Take the 2-minute tour ×
Physics Stack Exchange is a question and answer site for active researchers, academics and students of physics. It's 100% free, no registration required.

I heard that there have been some propositions about describing the collapse of the wave-function by adding non-linear terms, but I couldn't anything in any any textbooks or even articles (probably those propositions never reached a good level of consistency). However, I'd like to read about it. Could someone send me a reference?

share|improve this question

4 Answers 4

up vote 2 down vote accepted

The Ghirardi-Rimini-Weber Model is such a theory. See for instance http://arxiv.org/abs/quant-ph/0406094.

share|improve this answer

As far as I know, nonlinearities aren't compatible with Lorentz invariance. The overall probability renormalization factor also needs to be rescaled globally, although that might not be a problem if rejecting a probabilistic ontology.

share|improve this answer
Can you explain to us what is the probabilistic ontology and what is the issue of global rescaling? –  stupidity Jun 29 '12 at 19:37
Well, based on Weinberg proposition for non linear QM, the non linear observables need to be of order one in $\psi$ and $\psi^*$ so non linear operators in the Hamiltonian will be suppresed by factors $n = \int d^3x \;\psi(x)\psi^*(x)$ which is a non-local quantity. –  toot Jul 13 '12 at 17:24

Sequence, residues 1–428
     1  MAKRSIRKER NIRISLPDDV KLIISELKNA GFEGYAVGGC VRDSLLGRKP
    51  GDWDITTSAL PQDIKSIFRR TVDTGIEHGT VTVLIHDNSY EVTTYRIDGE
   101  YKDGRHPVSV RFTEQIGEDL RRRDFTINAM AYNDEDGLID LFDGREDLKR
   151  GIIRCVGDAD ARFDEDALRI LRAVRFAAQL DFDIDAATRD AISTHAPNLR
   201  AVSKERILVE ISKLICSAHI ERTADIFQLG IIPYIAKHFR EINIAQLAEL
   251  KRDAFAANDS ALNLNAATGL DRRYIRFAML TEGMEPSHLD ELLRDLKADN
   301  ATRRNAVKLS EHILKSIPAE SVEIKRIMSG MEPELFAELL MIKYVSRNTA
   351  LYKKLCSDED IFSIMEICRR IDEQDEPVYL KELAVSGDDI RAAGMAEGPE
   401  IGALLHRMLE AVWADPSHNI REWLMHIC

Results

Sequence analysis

Collapse of the State Vector

Phys. Rev. A 85, 062116 (2012)


share|improve this answer

Roger Penrose advanced the notion that gravity causes wave function collapse, giving handwavy arguments involving the Schrodinger-Newton equation (one particular flavor of the nonlinear Schrodinger equation).

The references I'm aware of:

  1. Roger Penrose, "On Gravity's Role in Quantum State Reduction", General Relativity and Gravitation 28 5 (1996) 581-600. DOI:10.1007/BF02105068
  2. Roger Penrose, "Quantum computation, entanglement and state reduction", Phil. Trans. R. Soc. Lond. A 356 no. 1743 (1998) 1927-1939. DOI:10.1098/rsta.1998.0256
share|improve this answer

Your Answer


By posting your answer, you agree to the privacy policy and terms of service.

Not the answer you're looking for? Browse other questions tagged or ask your own question.